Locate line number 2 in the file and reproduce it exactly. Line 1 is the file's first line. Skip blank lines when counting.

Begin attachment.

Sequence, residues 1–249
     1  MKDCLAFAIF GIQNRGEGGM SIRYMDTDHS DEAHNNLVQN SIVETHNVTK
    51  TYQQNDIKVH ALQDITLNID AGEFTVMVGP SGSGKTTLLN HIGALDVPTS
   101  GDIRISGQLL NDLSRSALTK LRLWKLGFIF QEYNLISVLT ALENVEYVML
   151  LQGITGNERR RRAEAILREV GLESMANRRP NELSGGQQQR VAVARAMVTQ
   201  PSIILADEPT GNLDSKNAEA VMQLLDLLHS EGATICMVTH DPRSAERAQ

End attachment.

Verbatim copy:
     1  MKDCLAFAIF GIQNRGEGGM SIRYMDTDHS DEAHNNLVQN SIVETHNVTK